Nothing lasts forever as Medina staggered Davis early in the second round with a straight right and was able to get closer to the Philly fighter who stayed on his bicycle. Medina took the next two rounds hurting Davis again in the third stanza with a left hook followed by another right. The Ecuadorian found a home for the right hand as Davis’ left eye was swelling and blood painted his brow in the fourth round. Press row had Medina ahead after four rounds and you could feel the consternation in the air as the sun seem to be going down on the once-promising career of Davis.

But, Davis is a gladiator who won’t wane in the face of adversity. The man who never lost hope and fought to the end as his late wife battled breast cancer. It is his “never say die” spirit that has made him a fan favorite. It is the reason why his sparring partners and gym members follow him into battle with the ropes and boxing commissions keeping them out of the ring and in their seats. Davis wasn’t ready to sink like the Titanic as he found his sea legs and resumed fighting from a distance and took the fifth round with some nifty boxing. The next two rounds were close but Davis had the edge, delivering combinations, disappearing, not allowing Medina to land his vaunted right hand. He closed the show by standing toe-to-toe with Medina in the center of the ring both attempting to send the other out of the arena on a stretcher. The crowd cheered raucously as Davis dislodged Medina’s mouthpiece with a sizzling left hook gaining an advantage and mental edge. He needed the last round and he won it in the traditional fashion of Philadelphia fighters—trench warfare. One judge scored it a draw 76-76 and was overruled by the other two who had it identical 77-75 for Davis.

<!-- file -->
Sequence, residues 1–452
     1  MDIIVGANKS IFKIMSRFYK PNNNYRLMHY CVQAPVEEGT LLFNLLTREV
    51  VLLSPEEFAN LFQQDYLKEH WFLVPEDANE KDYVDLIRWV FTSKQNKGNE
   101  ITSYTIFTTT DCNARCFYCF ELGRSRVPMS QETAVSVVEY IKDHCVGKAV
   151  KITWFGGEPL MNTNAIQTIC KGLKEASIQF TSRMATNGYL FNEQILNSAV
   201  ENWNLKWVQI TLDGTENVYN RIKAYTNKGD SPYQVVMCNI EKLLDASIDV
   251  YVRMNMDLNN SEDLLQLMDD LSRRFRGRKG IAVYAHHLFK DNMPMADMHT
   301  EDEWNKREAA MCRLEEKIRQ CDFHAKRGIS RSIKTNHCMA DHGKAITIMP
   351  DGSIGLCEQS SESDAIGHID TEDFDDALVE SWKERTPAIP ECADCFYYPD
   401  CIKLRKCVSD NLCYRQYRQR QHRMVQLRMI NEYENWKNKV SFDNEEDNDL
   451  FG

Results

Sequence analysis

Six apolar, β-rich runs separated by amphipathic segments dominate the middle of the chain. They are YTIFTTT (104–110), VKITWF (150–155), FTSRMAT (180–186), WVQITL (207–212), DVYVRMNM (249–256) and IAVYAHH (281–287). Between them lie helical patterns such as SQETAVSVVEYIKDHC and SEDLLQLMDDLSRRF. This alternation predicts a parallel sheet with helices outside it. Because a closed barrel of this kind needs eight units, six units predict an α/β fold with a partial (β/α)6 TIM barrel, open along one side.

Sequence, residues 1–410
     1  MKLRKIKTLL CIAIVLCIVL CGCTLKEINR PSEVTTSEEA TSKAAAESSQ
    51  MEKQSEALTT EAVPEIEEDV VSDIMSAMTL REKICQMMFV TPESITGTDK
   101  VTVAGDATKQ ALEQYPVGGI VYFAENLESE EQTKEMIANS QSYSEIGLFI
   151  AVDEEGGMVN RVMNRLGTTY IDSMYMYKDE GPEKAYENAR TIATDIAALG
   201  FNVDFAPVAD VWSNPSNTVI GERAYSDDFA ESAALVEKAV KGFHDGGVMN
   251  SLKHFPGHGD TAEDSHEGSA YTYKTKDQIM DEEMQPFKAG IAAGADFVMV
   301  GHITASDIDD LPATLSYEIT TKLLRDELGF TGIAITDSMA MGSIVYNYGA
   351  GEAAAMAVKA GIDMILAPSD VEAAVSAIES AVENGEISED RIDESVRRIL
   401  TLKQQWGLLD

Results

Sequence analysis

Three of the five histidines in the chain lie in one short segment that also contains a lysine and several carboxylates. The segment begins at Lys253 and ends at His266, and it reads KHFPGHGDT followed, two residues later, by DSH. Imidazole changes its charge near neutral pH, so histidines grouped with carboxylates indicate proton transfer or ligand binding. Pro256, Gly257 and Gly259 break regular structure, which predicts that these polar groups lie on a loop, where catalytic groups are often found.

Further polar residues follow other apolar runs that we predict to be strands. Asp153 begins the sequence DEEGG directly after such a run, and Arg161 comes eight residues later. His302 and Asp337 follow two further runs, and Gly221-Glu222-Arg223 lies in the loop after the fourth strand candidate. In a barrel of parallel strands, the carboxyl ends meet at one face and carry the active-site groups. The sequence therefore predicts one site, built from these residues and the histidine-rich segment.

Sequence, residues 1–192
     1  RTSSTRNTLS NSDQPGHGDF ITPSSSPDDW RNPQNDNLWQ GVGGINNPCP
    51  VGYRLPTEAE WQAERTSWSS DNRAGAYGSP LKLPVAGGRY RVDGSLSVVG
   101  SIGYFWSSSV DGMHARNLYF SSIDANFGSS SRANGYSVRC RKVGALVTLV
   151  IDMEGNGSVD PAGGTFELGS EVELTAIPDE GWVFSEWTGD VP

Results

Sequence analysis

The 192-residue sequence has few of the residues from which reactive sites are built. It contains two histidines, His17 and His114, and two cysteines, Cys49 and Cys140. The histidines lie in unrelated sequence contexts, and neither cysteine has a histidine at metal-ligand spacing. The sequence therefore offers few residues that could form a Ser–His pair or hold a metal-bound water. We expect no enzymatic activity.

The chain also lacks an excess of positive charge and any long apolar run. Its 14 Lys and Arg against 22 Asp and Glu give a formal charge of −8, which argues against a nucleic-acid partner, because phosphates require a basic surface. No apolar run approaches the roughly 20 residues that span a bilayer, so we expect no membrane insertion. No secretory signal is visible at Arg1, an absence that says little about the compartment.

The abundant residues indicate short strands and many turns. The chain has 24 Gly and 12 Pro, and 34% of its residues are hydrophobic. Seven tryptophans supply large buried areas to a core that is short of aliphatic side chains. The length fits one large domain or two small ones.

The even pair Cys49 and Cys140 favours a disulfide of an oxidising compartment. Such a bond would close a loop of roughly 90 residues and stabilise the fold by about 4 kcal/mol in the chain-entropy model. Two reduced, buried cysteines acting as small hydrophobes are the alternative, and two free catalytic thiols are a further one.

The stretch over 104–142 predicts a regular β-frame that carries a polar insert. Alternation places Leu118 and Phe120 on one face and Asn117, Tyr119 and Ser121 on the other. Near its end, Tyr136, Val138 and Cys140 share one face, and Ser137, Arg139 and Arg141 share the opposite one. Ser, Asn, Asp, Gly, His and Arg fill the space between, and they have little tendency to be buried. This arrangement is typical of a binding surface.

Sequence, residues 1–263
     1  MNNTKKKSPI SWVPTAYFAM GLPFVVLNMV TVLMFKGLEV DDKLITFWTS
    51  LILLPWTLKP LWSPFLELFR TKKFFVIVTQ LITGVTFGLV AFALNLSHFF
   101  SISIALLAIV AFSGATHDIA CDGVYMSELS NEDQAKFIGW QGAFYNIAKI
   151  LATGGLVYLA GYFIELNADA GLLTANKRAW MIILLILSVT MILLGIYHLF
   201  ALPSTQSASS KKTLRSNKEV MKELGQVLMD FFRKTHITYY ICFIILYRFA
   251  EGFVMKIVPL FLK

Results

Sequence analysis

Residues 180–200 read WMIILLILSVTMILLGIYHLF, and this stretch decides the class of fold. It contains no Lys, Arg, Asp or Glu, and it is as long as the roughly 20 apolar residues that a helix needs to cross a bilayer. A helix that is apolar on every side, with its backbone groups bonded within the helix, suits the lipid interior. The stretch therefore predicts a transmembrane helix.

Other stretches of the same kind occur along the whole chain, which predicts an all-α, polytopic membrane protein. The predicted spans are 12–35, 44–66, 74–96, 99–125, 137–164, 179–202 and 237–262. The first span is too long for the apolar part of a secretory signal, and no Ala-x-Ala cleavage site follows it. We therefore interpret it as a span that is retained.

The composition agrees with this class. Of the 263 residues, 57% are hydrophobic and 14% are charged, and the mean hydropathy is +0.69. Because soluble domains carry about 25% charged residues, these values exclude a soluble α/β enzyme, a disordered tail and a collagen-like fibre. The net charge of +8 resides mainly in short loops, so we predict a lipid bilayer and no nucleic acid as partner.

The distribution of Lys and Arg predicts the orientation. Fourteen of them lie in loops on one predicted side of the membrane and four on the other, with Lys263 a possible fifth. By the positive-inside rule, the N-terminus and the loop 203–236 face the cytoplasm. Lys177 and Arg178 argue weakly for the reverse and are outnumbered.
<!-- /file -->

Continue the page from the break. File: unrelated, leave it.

Davis (L.) using the jab early.

I remembered David Gonzalez from his amateur days when as a 16-year-old he knocked out eight of his first ten opponents. It was Gonzalez who in 2006 caused an amateur show at Shepard Recreation Center in West Philadelphia to be delayed for nearly an hour. A Gonzalez straight right sent his opponent to the canvas unconscious for several minutes as the ringside doctor and emergency medical technicians worked feverishly to revive the young man who recovered and had to be taken to the hospital. Yes, Gonzalez was revered and feared for the Nyquil in his gloves. I hadn’t seen him since 2007 when Ramon “Little Weed” Ellis fearless and seven years older handed him his first loss on another show at the same venue. Gonzalez hit Ellis with his money shot but the granite chin fighter never took a backwards step and swarmed all over his younger opponent and captured the decision proving that there is a huge difference between a teenager and a grown man.